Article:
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1-1 Copyright © 2015, 2010, 2007 Pearson Education, Inc. Chapter 13, Slide 1 Chapter 13 From Randomness to Probability.

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Presentation on theme: "1-1 Copyright © 2015, 2010, 2007 Pearson Education, Inc. Chapter 13, Slide 1 Chapter 13 From Randomness to Probability."— Presentation transcript:

1 1-1 Copyright © 2015, 2010, 2007 Pearson Education, Inc. Chapter 13, Slide 1 Chapter 13 From Randomness to Probability

2 1-2 Copyright © 2015, 2010, 2007 Pearson Education, Inc. Chapter 13, Slide 2 Dealing with Random Phenomena A random phenomenon is a situation in which we know what outcomes could happen, but we don’t know which particular outcome did or will happen. In general, each occasion upon which we observe a random phenomenon is called a trial. At each trial, we note the value of the random phenomenon, and call it an outcome. When we combine outcomes, the resulting combination is an event. The collection of all possible outcomes is called the sample space.

3 1-3 Copyright © 2015, 2010, 2007 Pearson Education, Inc. Chapter 13, Slide 3 Independence (again) First a definition... When thinking about what happens with combinations of outcomes, things are simplified if the individual trials are independent. Roughly speaking, this means that the outcome of one trial doesn’t influence or change the outcome of another. For example, coin flips are independent.

4 1-4 Copyright © 2015, 2010, 2007 Pearson Education, Inc. Chapter 13, Slide 4 Teaching tip While flipping coins is easy to do in class, you will probably introduce probability and randomness better if you use something that isn’t For example, you can flip thumb tacks. There is board game that involves rolling plastic pigs. They can be fun to roll. Have students repeat an event many times and estimate the probability.

5 1-5 Copyright © 2015, 2010, 2007 Pearson Education, Inc. Chapter 13, Slide 5 The Law of Large Numbers The Law of Large Numbers (LLN) says that the long-run relative frequency of repeated independent events gets closer and closer to a single value. We call the single value the probability of the event. Because this definition is based on repeatedly observing the event’s outcome, this definition of probability is often called empirical probability.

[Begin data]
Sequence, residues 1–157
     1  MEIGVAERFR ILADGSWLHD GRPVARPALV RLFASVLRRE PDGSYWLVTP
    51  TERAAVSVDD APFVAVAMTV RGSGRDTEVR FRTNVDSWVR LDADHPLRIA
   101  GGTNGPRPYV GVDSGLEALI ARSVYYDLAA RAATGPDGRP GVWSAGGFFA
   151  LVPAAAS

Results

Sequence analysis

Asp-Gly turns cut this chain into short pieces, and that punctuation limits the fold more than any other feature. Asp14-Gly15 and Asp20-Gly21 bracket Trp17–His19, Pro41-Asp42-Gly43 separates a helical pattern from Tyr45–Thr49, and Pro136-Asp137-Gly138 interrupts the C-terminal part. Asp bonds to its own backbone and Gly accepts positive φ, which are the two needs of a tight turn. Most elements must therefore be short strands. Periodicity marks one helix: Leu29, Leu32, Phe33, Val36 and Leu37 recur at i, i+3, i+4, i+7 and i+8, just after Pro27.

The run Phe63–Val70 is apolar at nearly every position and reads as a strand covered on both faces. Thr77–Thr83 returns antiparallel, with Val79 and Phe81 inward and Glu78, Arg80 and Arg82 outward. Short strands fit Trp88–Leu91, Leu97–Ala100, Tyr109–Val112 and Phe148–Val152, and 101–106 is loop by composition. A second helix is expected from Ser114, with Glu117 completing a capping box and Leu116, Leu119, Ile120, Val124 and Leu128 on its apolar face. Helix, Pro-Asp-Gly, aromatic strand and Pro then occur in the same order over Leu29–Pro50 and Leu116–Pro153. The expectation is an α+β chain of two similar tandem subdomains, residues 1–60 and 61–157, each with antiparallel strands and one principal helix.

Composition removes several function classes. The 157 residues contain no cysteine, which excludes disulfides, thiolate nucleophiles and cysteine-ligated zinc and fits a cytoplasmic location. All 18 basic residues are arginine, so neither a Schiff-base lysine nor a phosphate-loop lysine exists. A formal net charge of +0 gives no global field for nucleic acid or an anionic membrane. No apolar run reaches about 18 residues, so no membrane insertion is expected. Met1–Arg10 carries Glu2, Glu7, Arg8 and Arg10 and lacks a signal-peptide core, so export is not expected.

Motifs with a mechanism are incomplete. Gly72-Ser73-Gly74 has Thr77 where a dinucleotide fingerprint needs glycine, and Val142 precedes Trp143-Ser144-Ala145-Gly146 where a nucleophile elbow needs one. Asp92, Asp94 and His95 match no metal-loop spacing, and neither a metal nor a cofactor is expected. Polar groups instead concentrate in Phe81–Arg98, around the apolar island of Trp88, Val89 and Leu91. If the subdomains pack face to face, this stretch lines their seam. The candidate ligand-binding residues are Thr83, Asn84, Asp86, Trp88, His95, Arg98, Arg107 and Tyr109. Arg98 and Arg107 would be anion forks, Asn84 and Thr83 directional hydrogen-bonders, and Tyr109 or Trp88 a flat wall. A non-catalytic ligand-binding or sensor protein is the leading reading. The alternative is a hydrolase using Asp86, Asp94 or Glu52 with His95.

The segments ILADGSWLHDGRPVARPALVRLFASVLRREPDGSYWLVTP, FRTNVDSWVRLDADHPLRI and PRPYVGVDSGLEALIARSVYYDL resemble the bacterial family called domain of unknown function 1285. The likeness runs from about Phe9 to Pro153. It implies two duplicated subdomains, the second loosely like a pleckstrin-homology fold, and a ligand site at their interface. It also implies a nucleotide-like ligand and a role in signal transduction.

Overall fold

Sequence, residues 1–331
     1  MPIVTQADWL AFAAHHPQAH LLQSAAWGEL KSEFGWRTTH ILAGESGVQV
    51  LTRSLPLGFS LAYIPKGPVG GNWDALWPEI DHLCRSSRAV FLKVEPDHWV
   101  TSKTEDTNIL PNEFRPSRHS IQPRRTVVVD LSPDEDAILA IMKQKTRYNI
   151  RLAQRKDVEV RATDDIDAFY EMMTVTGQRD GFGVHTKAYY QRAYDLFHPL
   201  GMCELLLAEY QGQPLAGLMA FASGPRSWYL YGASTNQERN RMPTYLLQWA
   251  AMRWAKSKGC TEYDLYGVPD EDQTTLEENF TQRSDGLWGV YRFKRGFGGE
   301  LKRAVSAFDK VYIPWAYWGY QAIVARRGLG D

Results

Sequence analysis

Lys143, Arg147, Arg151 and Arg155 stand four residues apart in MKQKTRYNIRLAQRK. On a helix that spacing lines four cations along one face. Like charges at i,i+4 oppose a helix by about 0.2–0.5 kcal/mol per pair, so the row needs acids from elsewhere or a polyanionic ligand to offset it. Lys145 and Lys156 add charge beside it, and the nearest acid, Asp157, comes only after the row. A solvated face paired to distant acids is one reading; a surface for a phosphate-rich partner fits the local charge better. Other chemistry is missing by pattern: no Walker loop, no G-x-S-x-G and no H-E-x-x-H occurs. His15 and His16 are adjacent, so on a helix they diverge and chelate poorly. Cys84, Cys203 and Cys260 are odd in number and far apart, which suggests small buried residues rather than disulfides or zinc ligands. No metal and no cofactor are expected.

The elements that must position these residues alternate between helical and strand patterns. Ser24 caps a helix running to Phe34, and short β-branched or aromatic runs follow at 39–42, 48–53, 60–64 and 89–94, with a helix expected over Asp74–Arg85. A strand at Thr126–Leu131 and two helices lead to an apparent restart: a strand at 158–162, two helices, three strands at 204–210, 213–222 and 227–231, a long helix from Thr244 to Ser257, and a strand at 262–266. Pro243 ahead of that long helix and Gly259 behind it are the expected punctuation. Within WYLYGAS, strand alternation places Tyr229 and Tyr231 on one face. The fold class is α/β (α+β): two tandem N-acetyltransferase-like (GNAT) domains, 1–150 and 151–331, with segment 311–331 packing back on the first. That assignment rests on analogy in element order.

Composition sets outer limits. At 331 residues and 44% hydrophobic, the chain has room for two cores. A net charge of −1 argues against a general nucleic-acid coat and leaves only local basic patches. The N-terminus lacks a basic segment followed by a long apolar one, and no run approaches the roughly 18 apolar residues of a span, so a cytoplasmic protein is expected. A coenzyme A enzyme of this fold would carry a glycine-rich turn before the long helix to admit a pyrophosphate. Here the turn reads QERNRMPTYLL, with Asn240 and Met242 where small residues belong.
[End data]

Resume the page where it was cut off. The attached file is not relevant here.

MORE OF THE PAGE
6 1-6 Copyright © 2015, 2010, 2007 Pearson Education, Inc. Chapter 13, Slide 6 The Nonexistent “Law of Averages” The LLN says nothing about short-run behavior. Relative frequencies even out only in the long run, and this long run is really long (infinitely long, in fact). The so called Law of Averages (that an outcome of a random event that hasn’t occurred in many trials is “due” to occur) doesn’t exist at all.

7 1-7 Copyright © 2015, 2010, 2007 Pearson Education, Inc. Chapter 13, Slide 7 The probability of an event is the number of outcomes in the event divided by the total number of possible outcomes. P(A) = Modeling Probability (cont.) # of outcomes in A # of possible outcomes

8 1-8 Copyright © 2015, 2010, 2007 Pearson Education, Inc. Chapter 13, Slide 8 Formal Probability 1.Two requirements for a probability: A probability is a number between 0 and 1. For any event A, 0 ≤ P(A) ≤ 1.

9 1-9 Copyright © 2015, 2010, 2007 Pearson Education, Inc. Chapter 13, Slide 9 Formal Probability (cont.) 2.Probability Assignment Rule: The probability of the set of all possible outcomes of a trial must be 1. P(S) = 1 (S represents the set of all possible outcomes.)